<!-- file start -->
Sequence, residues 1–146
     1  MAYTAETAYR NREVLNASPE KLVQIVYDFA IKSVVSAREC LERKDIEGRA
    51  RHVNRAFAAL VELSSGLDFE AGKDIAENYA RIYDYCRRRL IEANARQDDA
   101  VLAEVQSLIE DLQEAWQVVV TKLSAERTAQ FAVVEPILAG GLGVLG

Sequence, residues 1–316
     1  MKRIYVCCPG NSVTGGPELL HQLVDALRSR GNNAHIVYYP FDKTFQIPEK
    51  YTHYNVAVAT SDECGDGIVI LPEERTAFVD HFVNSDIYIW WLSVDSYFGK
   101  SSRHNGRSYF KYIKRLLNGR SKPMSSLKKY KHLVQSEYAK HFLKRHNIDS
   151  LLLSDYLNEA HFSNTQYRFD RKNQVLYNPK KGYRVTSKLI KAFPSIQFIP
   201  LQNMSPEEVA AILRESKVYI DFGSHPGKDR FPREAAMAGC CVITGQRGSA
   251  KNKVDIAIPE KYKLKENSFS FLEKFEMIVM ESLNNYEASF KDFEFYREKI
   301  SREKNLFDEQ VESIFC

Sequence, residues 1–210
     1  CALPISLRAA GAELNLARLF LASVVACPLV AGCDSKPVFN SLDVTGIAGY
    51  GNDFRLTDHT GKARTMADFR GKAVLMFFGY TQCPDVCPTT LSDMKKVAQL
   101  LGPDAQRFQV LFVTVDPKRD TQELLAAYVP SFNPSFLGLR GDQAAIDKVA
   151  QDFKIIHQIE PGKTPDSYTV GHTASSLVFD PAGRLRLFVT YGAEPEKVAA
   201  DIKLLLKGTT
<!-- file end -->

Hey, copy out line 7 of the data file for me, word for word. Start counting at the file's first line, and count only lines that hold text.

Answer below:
    51  YTHYNVAVAT SDECGDGIVI LPEERTAFVD HFVNSDIYIW WLSVDSYFGK